Abstract: Women’s Agentic Role in Enabling and Dismantling Menstrual Health Taboos in India: A Structurational Analysis

◆ Meghana Rawat, Purdue University
◆ Ashleigh Shields, Purdue University
◆ Maria Venetis, Purdue University
◆ Jyoti Seth, Government Degree Girls College, Chandigarh

Recent studies report the need for menstrual health and hygiene management in India, highlighting a lack of awareness and reproduction of social taboos (MacRae, Clasen, Dasmohapatra & Caruso, 2019). Some prevalent taboos label menstruation as ‘dirty’ and prescribe a set of rules which limit behavior during menstruation including prohibiting entering religious areas or the kitchen, not touching pickle jars, and in some dire situations, staying outside of the home. Menstruation is often associated with physical conditions (i.e., cramps, headaches) and hormonal changes that require informational or emotional support, and strong cultural taboos create barriers to seeking support and normalizing menstruation.
Scholars suggest addressing issues around pain management, social support, and an enabling socio-cultural environment, which reinforces the taboos for effective intervention in India (MacRae et. al, 2019; Hennegan, Shannon, Rubli, Schwab & Mendez-Torres, 2019). Such interventions are successful when planners understand existing structures and perceptions of their target groups. Therefore, structuration theory (Giddens, 1984), which captures the relationship between the agent (women) and structure (socio-cultural norms around menstruation), was selected to explore the consensus and contradictions around menstruation . The theory emphasizes that the constitution of agents and structures are mutually impacting.
Data collection included 18 focus groups of college-going women in Northern India from one rural and one urban township. We also conducted 12 in-person and telephonic interviews with mothers and elder sisters. Following transcription, thematic analysis produced three emergent themes:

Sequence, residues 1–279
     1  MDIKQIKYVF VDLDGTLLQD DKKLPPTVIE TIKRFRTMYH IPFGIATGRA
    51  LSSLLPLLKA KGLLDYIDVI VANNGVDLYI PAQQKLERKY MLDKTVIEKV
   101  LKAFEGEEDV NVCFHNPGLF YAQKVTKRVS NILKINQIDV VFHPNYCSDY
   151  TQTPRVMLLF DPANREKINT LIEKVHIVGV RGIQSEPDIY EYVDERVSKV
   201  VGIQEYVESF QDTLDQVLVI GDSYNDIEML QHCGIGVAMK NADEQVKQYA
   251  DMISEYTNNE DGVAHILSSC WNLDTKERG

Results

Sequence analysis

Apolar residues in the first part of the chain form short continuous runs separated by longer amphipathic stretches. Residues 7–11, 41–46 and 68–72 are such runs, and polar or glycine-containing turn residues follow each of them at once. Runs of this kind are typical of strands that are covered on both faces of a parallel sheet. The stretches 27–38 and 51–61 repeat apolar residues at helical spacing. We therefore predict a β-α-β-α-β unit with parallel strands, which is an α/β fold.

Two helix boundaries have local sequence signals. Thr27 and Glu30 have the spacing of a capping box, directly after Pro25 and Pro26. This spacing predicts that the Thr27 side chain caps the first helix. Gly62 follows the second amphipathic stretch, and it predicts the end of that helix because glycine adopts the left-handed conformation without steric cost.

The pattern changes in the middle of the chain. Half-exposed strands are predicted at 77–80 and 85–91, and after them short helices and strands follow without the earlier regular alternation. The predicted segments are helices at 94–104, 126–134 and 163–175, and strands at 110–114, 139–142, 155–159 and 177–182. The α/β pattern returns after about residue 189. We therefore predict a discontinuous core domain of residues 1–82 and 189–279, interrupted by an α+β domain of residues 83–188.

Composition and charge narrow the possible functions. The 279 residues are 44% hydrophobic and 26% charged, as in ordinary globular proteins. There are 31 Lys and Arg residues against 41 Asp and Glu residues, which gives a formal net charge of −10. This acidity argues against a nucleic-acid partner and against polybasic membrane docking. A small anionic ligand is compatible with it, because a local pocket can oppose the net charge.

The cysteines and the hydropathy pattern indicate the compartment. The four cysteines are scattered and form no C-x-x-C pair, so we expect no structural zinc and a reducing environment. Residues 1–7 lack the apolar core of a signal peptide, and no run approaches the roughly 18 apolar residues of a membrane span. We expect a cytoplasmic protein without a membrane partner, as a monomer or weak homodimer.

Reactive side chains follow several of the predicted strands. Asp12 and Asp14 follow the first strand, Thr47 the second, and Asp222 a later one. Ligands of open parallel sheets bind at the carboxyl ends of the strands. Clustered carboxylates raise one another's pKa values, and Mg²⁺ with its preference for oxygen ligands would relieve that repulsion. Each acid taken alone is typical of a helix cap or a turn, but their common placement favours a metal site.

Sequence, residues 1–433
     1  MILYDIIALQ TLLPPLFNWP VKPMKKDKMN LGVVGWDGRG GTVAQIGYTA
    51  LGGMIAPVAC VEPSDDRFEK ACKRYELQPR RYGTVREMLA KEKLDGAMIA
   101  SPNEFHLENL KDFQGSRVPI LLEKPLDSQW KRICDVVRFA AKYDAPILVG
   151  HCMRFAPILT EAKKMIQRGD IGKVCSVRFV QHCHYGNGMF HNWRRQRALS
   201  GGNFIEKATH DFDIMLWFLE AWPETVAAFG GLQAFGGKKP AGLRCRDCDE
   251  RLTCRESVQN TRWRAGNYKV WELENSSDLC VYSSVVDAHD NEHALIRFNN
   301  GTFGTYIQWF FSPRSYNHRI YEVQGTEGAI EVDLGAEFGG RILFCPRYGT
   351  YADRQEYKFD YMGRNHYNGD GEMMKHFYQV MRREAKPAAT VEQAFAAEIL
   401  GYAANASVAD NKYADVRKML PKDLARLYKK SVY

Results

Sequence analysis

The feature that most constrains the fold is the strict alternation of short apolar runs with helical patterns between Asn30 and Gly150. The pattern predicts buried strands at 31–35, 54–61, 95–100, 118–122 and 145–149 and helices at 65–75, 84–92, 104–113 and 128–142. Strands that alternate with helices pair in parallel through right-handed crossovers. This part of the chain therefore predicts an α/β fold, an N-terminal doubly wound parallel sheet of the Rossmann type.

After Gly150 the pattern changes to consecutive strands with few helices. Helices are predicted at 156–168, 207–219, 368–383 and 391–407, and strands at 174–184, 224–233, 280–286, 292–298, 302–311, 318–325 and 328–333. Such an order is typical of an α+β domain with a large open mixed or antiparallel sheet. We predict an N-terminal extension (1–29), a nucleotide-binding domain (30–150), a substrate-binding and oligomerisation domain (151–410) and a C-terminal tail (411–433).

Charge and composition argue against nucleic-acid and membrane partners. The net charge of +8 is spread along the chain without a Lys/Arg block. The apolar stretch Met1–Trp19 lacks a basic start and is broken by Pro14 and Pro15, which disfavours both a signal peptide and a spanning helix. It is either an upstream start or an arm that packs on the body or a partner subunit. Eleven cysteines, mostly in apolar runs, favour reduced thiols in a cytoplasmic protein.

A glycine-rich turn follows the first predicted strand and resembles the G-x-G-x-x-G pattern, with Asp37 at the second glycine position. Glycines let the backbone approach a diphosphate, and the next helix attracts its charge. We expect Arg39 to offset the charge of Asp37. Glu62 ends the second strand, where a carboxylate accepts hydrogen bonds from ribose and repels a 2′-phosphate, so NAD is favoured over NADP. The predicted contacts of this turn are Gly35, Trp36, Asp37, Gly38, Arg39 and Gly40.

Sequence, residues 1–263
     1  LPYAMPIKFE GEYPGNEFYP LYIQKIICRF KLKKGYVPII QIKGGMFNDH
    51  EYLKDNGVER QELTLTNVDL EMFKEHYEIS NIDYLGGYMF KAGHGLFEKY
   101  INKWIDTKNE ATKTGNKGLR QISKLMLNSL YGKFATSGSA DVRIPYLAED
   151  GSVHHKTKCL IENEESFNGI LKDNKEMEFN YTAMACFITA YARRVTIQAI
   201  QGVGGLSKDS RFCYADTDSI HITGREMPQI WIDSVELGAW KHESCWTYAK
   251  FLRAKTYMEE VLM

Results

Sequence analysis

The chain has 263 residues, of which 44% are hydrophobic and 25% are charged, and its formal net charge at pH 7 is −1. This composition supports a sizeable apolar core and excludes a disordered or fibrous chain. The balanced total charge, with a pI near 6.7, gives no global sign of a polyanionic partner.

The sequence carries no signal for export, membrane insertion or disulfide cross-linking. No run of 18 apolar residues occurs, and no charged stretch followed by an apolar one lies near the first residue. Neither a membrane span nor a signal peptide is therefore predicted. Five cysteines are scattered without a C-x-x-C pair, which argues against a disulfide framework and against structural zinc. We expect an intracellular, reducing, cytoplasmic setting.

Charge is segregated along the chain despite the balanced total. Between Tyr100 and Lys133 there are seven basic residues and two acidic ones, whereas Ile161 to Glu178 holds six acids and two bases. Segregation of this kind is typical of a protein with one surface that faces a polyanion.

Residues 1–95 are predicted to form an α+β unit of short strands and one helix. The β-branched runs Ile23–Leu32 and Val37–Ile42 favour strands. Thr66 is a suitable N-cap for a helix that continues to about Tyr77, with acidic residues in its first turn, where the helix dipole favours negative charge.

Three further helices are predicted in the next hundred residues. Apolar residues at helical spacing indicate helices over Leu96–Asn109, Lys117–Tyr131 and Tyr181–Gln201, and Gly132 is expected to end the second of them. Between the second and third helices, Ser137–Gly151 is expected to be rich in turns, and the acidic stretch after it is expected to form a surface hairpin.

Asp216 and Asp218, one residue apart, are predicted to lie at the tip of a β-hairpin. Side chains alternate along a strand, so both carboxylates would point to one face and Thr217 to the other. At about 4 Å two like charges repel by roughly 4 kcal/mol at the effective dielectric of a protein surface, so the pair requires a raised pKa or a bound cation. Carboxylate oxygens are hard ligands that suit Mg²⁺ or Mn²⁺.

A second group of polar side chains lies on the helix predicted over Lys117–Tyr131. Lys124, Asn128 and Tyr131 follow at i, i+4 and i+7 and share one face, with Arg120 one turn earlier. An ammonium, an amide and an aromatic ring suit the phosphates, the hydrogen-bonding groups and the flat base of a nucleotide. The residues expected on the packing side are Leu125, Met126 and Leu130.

Routinization and Rejection: Women expect and accept most of the norms due to social and familial traditions. Social dynamics, specifically recent positive media portrayal of menstruation led participants to express a strong desire to change rules around menstruation and discuss how certain taboos such as not touching pickle jars are not realistic.
Explanations and Lack of Information: Participants reported minimal menstruation-related education when in high school, and that education was limited to learning about pad usage. Their education excluded causes of menstruation and other changes that occur along with menstruation. Geographic location (urban vs. rural) amplified participants’ identification with taboos, but in both locations, participants expressed the need for increased education, particularly before menstruation, and the inclusion of boys in the educational sessions.
Expectations and Generational Change: All mothers reported that as young women, they used a cloth to manage menstruation but now encourage their daughters use pads rather than cloths. Further, they shared that they ‘only’ stopped them from entering religious areas because of culture. College-women participants expressed that they would like to provide their own children more information that extends beyond pad usage and behavioral rules.
Data revealed that participants retained agency in enabling as well as dismantling some taboos around menstruation. Most of these taboos exist due to traditions. Over the years restricting kitchen entry and use of cloth has declined because of modern nuclear families and access to affordable sanitary products. Similarly, increased access to scientific knowledge to both young men and women, and avenues for support at the systemic level can contribute to structural changes.